Fresh Tomato Dip
Matbucha - Tomato & Pepper Salad
Cooking and Baking Substitutions
The Ultimate Chart for the Cook and Baker
The French call it mise en place, but we call it "be sure that you have all of the ingredients that you will need for a recipe". Print this, post this, share this and use this... the mother of all substitution charts. From eReplacementparts - sources are mayoclinic.org, Taste of home cookbook, peta.org.
Whirl! Stir! Chop! Cook! Grind! Puree! Heat! Drink! Eat!
Tom Dickson, the creator of Blendtec, is our new culinary YouTube gadget guru. And legend has it that even before his "Will It Blend"? series went viral on YouTube (and yes readers you must watch it!), Tom Dickson, an engineer and inventor, was blending 2x2s with his blenders to determine their capabilities. His mission: to invent the world's most powerful blender. In our opinion, "mission accomplished"! Although we hesitate to use our Blendtec on non-edibles, you'll have to watch his videos to see this, we certainly are fearless when it comes to anything edible. The machine is powerful.
The Blendtec Designer 725, has been called "the world's smartest residential blender and the first operated entirely by touchscreen". The Designer 725 advances Blendtec's "blender with a brain" abilities with industry‐first features that offer unprecedented control over the blending process.
And what about Tom Dickson? His engineering mind is still inventing and the company continues enhancing, expanding and innovating. Some have called the world of Blendtec, and its engineering team a "torture chamber" due to the blender's super power. We think that it is an amazing kitchen tool.
- Patented five‐sided Wildside+blending jar that makes smoothies in as little as 14 seconds
- Patented blunt safety blade that is 80% thicker and 10 times stronger than competitors to avoid breaking or cut fingers
- 1725 watt motor – the most powerful in residential blending – that reduces blending time and increases safety by handling hard foods like ice and frozen fruit without risk of blade breakage
- Engineered and assembled in the USA at the company's Orem, Utah facility.
- 8-year warranty
- Clean up – Hot water and soap with the blender on. More good news- Blendtec states that it is okay to put their jar in the dishwasher. YAY!
- Fits under most cabinets
We tested two different jars:
The Blendtec Twister Jar
- Makes thick purees and small volume dishes with "twister lid and tines", the food can be directed into the blades while blending. Designed for ultra-thick recipes
- Twister Lid features tines that rotate and push ingredients off the side
- Easy-to-read jar markings up to 16 ounces
- Made from impact-resistant, BPA-free polyester
- Compatible with all Blendtec consumer blenders
The Twister jar is ideal for foods like bread & cookie crumbs, nut butters, hummus, baby food, dips, and dressings. To use the jar, simply add ingredients and twist the lid counter-clockwise while the blend cycle is running. This twisting motion forces the ingredients from the sides of the jar into the blade, allowing you to achieve a smooth blend. Also included- is the special Blendtec spatula-engineered specifically for the Twister to get nearly every morsel out of your jar.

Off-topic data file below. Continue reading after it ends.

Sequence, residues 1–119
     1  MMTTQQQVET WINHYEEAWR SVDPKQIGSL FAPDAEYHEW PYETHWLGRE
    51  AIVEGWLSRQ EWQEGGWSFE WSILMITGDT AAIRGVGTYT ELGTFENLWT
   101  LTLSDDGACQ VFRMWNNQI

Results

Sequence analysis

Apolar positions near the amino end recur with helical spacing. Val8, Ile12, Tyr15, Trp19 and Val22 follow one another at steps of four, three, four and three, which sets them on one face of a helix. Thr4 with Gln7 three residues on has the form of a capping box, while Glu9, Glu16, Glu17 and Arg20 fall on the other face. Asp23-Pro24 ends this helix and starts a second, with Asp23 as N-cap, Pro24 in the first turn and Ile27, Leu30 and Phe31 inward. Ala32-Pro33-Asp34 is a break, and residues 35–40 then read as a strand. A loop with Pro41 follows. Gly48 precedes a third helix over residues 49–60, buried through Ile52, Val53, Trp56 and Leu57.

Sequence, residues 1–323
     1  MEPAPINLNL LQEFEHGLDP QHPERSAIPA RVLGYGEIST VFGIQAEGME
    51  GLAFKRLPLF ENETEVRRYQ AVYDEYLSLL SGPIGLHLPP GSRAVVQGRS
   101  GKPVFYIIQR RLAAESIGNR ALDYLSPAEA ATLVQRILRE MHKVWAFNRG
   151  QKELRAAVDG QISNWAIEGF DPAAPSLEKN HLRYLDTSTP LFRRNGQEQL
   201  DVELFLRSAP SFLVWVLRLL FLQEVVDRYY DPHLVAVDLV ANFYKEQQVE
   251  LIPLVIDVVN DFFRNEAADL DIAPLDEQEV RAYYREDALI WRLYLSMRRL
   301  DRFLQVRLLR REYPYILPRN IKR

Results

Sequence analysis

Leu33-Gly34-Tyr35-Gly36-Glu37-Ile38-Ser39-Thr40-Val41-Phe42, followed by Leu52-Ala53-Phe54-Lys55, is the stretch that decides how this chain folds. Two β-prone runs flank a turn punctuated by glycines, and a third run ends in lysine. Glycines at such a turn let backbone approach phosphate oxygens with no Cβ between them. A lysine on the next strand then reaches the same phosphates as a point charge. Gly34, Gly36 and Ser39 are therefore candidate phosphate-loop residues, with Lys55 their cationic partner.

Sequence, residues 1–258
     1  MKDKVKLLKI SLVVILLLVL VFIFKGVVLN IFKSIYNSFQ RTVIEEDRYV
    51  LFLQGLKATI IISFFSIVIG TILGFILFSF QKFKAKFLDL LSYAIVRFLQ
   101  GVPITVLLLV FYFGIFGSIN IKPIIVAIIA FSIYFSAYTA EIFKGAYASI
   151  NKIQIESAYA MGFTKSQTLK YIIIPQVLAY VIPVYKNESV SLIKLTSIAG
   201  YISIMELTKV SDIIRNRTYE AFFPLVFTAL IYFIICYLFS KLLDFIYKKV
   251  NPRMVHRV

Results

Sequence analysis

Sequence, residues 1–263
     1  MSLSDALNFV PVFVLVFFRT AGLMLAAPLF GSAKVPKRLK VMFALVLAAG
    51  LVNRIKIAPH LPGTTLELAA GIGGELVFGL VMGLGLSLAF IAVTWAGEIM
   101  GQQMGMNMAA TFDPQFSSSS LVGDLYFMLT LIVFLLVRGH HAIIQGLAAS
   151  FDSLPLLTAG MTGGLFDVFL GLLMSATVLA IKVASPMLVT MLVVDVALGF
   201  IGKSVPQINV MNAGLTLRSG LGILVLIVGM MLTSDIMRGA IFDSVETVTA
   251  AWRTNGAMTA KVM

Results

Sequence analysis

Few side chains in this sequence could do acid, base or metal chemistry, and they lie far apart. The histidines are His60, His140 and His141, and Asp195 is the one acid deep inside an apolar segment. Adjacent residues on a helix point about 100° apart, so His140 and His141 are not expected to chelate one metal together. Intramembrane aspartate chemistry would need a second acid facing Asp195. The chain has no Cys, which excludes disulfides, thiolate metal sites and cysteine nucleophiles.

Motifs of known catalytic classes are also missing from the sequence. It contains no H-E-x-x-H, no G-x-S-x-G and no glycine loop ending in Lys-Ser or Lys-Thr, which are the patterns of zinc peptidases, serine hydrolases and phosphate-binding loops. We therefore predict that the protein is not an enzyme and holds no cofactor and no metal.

The WildSide+ Jar for larger blends
The WildSide+ jar maximizes blending performance.
The blunt safety blade is 80% thicker and ten times stronger than other blades
Patented fifth side allows for bigger, faster blends
The WildSide+ is ideal for larger blends, high-volume recipes
It is recommended for soup, bread dough, smoothies, dips and batters
Our new Blendtec is on our counter at the ready. We have had it since April, and below are some examples of what we have blended so far. We have kept our Blendtec jars parve, however we are tempted to order another jar for our dairy creations.
For more about this powerful kitchen tool, visit Blendtec.com
To order: Blendtec Designer 725 with WildSide Jar
To watch the "Will It Blend" videos- (A Must!) click here: Will it Blend?
Some of the foods that we have made in our Blendtec (and we are just beginning) are:
Lemon Hummus – Once you make your own hummus, it is hard to go back to pre-made
Strawberry-Banana Smoothies, Parve milk shakes and ice cream
Almond butter, Almond milk, Peanut butter
Matzo Meal (We made this for Passover. Used whole matzos)
Oat flour (Blended regular dry oatmeal and added it to our chocolate chip cookies)
Chimichurri sauce, Pesto, Guacamole
Corn Soup, Borscht, Vegetarian Minestrone Soup, Gazpacho
Apple sauce, Aioli, Mayonnaise, Mango salsa, Cranberry orange relish
Brownies, Chocolate Mousse
Lemonade- with whole lemons
Powdered sugar from granulated sugar
We're sharing three recipes that we've whipped up in our Blendtec - click to view the recipes:
Borscht in the Blendtec
Chocolate Mousse in the Blendtec
Lemonade or Limeade in the Blendtec
Do share YOUR favorite Blendtec and blender recipes with us. If you would like any of the above listed recipes, just let us know.
Watch the Blendtec make lemonade. Will it Blend whole lemons?:
As we walked the aisles of the 2015 International Housewares' Show (which we consider the ultimate Disneyworld for cooks), we stopped to admire a unique exhibit, a feast for our eyes, where all of the displays were filled with beautiful retro designed appliances. We saw toasters, blenders and electric kettles in luscious colors; styled to look just like we were in our Bubbie's kitchen. But, trust us, these are not our Bubbie's appliances. The colors and design attracted us, but now the functionality has made us fans. The gorgeous stand mixer that we received from SMEG shines in our newly designed kitchen. It is silver, and fits beautifully on our counter. But yes, of course, we knew that we would love the look. But, how about the ease of use?